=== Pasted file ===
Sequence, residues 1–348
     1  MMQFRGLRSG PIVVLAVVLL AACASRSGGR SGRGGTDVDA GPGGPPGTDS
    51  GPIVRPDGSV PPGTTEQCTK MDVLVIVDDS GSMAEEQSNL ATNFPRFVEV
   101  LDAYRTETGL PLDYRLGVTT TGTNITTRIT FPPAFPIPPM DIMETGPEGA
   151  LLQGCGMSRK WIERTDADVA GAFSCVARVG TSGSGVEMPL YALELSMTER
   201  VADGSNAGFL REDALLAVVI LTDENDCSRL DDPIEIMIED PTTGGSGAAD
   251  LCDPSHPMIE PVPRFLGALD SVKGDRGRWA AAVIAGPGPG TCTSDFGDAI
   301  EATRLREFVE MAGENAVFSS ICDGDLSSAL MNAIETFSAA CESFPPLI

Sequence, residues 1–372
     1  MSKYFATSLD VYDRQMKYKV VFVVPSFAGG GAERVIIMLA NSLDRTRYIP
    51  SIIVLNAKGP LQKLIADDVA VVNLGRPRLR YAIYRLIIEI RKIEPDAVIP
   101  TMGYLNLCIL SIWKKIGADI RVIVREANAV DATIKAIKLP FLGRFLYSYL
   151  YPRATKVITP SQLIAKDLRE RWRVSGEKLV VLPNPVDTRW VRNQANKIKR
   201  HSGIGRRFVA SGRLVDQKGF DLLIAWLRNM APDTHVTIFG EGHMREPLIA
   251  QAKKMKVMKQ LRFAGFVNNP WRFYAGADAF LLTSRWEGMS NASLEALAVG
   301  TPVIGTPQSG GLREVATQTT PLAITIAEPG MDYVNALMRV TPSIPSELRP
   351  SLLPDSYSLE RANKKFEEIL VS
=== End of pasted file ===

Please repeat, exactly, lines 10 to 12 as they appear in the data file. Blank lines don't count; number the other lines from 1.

     1  MSKYFATSLD VYDRQMKYKV VFVVPSFAGG GAERVIIMLA NSLDRTRYIP
    51  SIIVLNAKGP LQKLIADDVA VVNLGRPRLR YAIYRLIIEI RKIEPDAVIP
   101  TMGYLNLCIL SIWKKIGADI RVIVREANAV DATIKAIKLP FLGRFLYSYL